President Rodrigo Duterte on Wednesday called on Filipinos to reflect on the sacrifice of Benigno “Ninoy” Aquino Jr., as he expressed hope that the life of the former senator will move government workers “to serve with honor, integrity and purpose.”
The nation on Wednesday observed Ninoy Aquino Day, which marks the assassination of the former senator at the Manila International Airport.
In his message, Duterte hailed Aquino’s “important role in restoring our democratic institutions more than three decades ago.”
“His sacrifice altered the course of our nation’s history and still continues to ignite the spirit of heroism among our people,” he added.
The President said marking Aquino’s death “should remind us of what we had lost so that we may remain committed to our solemn duty to safeguard the freedoms that we now enjoy.”
“I also hope that Ninoy’s remarkable life as a public servant will move my fellow government workers to serve with honor, integrity and purpose as well as inspire our youth to be of service to their country and fellowmen,” he added.
Halfway into his six-year term, Duterte acknowledged that much has to be done to solve the ills that beset the Philippines, the same problem that plagued the country during Aquino’s time.
“Despite our gains in these past three years, there is still a lot that needs to be done if we are to completely eradicate the poverty, corruption and injustice that had plagued our nation even during Ninoy’s time,” the President said.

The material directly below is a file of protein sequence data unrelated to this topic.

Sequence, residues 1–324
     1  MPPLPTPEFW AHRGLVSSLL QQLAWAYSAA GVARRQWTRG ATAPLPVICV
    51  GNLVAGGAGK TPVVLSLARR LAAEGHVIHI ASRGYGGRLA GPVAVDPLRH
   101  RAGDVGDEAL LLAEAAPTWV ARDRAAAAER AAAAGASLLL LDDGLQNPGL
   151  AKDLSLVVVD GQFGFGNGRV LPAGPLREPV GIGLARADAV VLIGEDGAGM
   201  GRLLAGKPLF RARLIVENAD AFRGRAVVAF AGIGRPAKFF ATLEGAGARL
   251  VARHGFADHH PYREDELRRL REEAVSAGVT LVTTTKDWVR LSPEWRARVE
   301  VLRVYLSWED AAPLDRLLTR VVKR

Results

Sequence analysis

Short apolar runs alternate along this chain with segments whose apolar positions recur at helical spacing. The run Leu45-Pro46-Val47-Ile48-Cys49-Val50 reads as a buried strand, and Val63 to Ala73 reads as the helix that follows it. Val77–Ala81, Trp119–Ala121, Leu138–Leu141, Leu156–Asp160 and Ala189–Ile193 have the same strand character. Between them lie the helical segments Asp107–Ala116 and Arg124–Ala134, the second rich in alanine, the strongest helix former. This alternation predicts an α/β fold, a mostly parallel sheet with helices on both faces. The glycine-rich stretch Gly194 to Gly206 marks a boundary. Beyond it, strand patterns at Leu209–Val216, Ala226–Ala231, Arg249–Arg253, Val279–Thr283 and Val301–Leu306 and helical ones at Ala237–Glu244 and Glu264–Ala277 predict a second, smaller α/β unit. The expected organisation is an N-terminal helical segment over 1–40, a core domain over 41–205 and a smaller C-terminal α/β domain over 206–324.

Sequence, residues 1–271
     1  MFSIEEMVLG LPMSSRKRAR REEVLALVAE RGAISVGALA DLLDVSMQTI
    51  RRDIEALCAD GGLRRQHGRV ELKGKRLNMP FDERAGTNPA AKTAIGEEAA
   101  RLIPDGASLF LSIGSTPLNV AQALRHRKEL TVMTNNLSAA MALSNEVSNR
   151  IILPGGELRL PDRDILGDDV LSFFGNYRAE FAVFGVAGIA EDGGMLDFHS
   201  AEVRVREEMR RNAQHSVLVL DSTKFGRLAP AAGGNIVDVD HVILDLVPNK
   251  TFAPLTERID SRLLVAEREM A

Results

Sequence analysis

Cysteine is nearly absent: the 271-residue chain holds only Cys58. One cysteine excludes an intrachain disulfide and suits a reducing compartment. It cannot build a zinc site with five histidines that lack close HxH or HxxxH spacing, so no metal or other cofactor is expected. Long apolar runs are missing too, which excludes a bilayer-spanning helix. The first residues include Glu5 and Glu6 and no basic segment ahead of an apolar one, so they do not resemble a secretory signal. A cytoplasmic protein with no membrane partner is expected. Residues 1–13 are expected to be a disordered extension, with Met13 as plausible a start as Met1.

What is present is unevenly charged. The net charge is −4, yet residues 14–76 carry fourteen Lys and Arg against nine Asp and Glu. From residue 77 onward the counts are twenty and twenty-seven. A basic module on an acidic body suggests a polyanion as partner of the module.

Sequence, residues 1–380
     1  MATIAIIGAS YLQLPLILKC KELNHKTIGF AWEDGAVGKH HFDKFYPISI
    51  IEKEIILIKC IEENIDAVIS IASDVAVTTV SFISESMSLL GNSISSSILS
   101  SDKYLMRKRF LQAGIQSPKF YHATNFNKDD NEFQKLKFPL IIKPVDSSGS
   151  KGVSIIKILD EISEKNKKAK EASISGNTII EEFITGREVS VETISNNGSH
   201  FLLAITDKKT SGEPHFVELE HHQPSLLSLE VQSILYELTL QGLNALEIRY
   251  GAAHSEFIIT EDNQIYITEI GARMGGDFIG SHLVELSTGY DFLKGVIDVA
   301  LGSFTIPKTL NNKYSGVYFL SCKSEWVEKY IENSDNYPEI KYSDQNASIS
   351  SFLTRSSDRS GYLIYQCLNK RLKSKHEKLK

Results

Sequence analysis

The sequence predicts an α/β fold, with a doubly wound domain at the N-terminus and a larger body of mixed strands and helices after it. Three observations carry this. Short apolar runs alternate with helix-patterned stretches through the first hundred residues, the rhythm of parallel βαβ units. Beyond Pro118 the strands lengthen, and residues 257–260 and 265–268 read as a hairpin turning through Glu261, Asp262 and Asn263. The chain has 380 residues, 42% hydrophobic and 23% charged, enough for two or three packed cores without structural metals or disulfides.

“Let his example guide to as we strive to uplift and protect the most vulnerable in our society and ensure that all Filipinos will enjoy the blessings of freedom, democracy and the rule of law,” he added.
Aquino, father of former president Benigno Aquino 3rd, was the top political opponent of then President Ferdinand Marcos.
He was a political prisoner during the Marcos regime, but was allowed to seek treatment in the United States in 1980 after he suffered a heart attack.
The senator returned to the country on Aug. 21, 1983 only to be assassinated at the tarmac of the airport.
Aquino’s wife Corazon led the democratic opposition and eventually rose to the presidency after a military-backed civilian uprising toppled the strongman on Feb. 25, 1986.
Meanwhile, Vice President Maria Leonor “Leni” Robredo recalled how Aquino’s death “inspired a movement” that put an end to the “rapacious” Marcos regime.
“It was the defining moment for an entire generation — a moment that would inspire a movement that would ultimately bring down the dictator three years later, and bring about a restoration of the freedom Ninoy had given up his life and liberty fighting for,” she said.
“When we celebrate the 21st of August, it is not just Ninoy Aquino we remember, but all those like him, both the nameless and the heralded, who gave of themselves so that we could be free,” she added.
The vice president also warned against attempting to revise history.
“These days, it has become fashionable among certain quarters to dismiss the significance of Ninoy’s sacrifice, or worse, to question the validity of the movement it inspired. These days, there are those who insist, out of self-interest or ignorance, that the Marcos regime ‘was not so bad after all,’ pushing a revised version of history that is not only dishonest but dangerous,” said Robredo.
“Many talk about being willing to die for our country. Ninoy was one of the courageous few who actually did,” she added.
WITH GLEE JALEA